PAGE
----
I will confess, I mostly heard “Frozen” in club remix form as done by Hex Hector. Turning the ballad into a queer club 8 minute workout. So that is the version I was most used and it definitely brings a different flavor. But at the end of the day, “Power Of Goodbye” is the better song and the best on the album. And I dare say maybe her best song of all time second only to maybe “Live To Tell”. It. Just. Is. And again, I wish this would’ve ended the album.

But there are two more songs. The songs are nice. “Little Star” a song about her new daughter is the better version of, “Shanti, Ashtangi”. And “Mer Girl” is the most self reflective song on the album. With lyrics like

I ran to the forest, I ran to the trees
I ran and I ran, I was lookin’ for me

Also I just learned this song was about the passing of her own mother. And lyrically I like it but the production here is the weakest in my opinion. I can see she was going for something like an ending prayer. But I wish it would have mirrored the lush production of the opening track to complete the circle because the power (pun intended) of “The Power Of Goodbye” makes the final two songs feel like a let down. But maybe with some cuts elsewhere it would feel less like a let down. The album ends not with euphoria but with doubt and with a whisper not a shout. And since so much of the rest of the record feels like pure uninhibited joy it just feels tacked on. She really had something she wanted to say but could not, “kill her darling”.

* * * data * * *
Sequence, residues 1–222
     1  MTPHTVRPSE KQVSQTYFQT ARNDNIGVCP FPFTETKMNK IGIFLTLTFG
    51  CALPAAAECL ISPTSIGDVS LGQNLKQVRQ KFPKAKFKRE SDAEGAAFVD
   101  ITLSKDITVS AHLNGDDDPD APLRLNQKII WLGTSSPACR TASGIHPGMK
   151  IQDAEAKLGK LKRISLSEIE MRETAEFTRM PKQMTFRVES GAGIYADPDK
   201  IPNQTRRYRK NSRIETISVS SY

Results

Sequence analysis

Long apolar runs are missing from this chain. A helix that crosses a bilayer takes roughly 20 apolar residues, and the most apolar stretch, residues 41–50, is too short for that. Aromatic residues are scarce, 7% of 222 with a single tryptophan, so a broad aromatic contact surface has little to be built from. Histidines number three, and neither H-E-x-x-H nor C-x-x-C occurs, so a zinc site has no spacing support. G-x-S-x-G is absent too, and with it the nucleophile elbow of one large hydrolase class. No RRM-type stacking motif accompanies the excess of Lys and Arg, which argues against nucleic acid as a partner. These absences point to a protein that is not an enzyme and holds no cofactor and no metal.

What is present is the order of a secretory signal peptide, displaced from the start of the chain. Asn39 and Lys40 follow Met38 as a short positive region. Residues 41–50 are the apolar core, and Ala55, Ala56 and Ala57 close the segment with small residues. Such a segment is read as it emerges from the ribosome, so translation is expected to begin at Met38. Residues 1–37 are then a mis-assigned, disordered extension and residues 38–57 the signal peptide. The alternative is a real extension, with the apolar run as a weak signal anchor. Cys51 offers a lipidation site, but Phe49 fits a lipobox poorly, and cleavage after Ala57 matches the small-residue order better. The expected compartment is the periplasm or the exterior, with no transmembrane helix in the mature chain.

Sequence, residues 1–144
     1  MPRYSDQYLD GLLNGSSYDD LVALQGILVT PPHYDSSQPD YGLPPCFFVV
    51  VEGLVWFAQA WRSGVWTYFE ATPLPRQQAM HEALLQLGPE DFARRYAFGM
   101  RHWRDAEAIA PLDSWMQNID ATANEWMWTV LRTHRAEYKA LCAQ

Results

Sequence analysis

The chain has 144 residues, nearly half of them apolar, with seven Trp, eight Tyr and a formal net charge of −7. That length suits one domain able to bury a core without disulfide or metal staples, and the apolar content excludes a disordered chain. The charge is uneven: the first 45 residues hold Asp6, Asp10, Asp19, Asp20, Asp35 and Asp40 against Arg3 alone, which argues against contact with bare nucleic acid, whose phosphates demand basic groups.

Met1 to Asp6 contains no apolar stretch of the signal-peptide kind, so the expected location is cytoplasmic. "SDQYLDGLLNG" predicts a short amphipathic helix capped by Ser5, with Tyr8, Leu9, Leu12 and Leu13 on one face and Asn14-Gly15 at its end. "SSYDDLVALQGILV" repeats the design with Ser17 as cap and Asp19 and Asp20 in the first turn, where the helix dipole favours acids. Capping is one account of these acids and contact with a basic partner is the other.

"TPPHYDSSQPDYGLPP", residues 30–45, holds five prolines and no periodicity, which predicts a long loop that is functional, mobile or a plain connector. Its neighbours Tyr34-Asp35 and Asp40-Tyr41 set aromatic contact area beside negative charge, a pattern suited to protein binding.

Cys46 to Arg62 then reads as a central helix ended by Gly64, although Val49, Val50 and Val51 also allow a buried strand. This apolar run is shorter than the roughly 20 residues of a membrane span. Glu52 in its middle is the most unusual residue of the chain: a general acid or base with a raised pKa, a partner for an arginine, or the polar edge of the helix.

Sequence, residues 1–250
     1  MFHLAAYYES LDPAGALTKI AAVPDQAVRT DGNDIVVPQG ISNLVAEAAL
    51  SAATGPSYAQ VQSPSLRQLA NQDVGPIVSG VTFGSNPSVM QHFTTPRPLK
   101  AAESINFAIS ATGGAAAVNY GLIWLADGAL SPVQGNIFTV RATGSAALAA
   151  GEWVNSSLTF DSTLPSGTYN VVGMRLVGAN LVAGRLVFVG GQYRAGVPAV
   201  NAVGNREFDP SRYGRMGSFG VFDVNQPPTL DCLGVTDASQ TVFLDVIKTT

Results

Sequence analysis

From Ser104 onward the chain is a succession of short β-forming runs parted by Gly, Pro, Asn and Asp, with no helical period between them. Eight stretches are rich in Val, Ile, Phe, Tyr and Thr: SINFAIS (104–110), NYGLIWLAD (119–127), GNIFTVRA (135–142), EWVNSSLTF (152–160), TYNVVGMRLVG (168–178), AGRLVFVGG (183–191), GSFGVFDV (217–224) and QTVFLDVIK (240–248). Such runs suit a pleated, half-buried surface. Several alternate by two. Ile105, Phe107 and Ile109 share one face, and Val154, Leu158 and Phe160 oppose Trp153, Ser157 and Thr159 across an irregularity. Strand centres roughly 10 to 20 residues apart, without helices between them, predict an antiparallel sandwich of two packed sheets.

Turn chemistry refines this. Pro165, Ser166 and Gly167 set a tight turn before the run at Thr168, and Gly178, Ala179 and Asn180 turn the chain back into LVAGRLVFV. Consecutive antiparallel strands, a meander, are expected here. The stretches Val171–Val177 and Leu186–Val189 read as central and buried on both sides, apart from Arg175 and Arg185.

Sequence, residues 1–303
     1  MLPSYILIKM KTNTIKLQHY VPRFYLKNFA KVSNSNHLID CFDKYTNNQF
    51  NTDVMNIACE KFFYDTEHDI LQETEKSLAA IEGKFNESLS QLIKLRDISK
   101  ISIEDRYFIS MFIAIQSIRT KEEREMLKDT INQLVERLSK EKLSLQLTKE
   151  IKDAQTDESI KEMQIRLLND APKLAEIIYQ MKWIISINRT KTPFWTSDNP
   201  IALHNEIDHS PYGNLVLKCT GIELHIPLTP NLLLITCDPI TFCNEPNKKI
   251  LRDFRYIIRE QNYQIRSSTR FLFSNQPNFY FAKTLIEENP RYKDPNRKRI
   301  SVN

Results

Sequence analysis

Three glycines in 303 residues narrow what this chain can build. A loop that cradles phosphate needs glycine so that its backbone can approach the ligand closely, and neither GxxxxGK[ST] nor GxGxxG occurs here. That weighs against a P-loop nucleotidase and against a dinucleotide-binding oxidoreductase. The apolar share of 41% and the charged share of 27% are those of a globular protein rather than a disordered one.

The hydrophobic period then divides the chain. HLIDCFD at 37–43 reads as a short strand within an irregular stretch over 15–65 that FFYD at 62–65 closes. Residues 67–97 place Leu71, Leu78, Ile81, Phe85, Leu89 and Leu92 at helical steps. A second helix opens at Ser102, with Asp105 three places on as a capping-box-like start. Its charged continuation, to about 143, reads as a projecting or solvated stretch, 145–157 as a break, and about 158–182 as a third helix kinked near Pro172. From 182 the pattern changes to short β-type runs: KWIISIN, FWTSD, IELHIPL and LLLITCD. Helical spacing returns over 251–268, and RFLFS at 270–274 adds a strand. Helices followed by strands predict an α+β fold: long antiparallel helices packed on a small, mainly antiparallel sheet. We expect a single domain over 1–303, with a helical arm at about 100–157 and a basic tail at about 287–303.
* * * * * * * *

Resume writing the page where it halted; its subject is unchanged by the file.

All of that said. I come away really liking this album more than I remember liking it when it came out. Some absolute floor fillers balanced with some more downtempo moods. No song is out right bad but some songs are just OK. And while I love the number 13, trimming a few tracks would’ve served the album better. You could leave the others to “b-sides & rarities”. And if I had my way, and in the age of digital I do, I’d construct my own Ray Of Light album. And with my edits Mer Girl doesn’t sound so bad at the end. So here is what the Bear edit of Ray Of Light looks like:

1. Drowned World, Substitute For Love
2. Ray Of Light
3. Candy Perfume Girl
4. Skin
5. Little Star
6. Frozen
7. Nothing Really Matters
8. Sky Fits Heaven
9. The Power Of Goodbye
10. Mer Girl

TASTY TRACKS:
The Power Of Goodbye
Sky Fits Heaven
Drowned World, Substitute For Love
Ray Of Light
Nothing Really Matters

And so I have left the temple and returned to the real world after experiencing three albums that set out to do more than the usual pop flair. And now back at a proper desk, we turn to my final thoughts and what came next for each artist in the outro.